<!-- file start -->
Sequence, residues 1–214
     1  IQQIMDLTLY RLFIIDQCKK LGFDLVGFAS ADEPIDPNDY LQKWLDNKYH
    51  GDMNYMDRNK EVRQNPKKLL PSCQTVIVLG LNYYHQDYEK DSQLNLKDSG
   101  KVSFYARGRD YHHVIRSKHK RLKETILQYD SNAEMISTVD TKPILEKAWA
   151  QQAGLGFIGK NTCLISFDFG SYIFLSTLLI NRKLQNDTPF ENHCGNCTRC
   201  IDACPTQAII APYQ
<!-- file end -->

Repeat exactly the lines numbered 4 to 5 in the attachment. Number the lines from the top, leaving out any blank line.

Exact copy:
   101  KVSFYARGRD YHHVIRSKHK RLKETILQYD SNAEMISTVD TKPILEKAWA
   151  QQAGLGFIGK NTCLISFDFG SYIFLSTLLI NRKLQNDTPF ENHCGNCTRC